Political Branding in the USA

Let’s start with a quick quiz.  Ever see these images?

Sagearbor, CC BY-SA 4.0 <https://creativecommons.org/licenses/by-sa/4.0&gt;, via Wikimedia Commons

What does this picture of a red elephant mean to you?

  • Conservatism.
  • Preservationists.
  • Wealth.
  • Less government intervention (i.e., small government).
  • Donald Trump and George Bush.
  • The Republican Party.
  • . . . and perhaps more?

How about the blue donkey?

  • Liberalism.
  • Change.
  • Labor.
  • Government-funded programs (i.e., big government).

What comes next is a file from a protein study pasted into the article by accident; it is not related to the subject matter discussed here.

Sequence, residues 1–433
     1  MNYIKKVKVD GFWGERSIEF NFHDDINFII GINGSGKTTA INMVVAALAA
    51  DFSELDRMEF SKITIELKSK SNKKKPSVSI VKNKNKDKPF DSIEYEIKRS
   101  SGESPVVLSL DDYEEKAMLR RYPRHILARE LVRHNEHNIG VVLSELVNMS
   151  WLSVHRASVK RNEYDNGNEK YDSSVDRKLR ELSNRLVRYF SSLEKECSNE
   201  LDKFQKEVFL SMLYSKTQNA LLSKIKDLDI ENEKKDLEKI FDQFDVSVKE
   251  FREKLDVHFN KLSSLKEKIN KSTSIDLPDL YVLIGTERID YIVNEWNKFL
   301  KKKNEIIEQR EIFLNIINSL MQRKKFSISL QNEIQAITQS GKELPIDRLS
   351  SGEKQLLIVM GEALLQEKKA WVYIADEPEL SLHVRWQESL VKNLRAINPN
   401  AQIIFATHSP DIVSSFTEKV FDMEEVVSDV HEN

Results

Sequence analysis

• Barack Obama and Joe Biden.
  • The Democratic Party.
  • . . . etc.?

In other words, simply seeing these logos immediately brings to mind a wide range of adjectives and accompanying images . . . as well as an emotional response!  That said, we recently had an opportunity to witness the practice (and impact) of this very successful branding in action during the American presidential and legislative elections. 

Frankly, we waited until the election was over (and the votes had been counted) to avoid getting lost in endless partisan digression over details when our reason for bringing up the matter is to highlight these examples of powerful branding while the specifics were still front and center in people’s minds.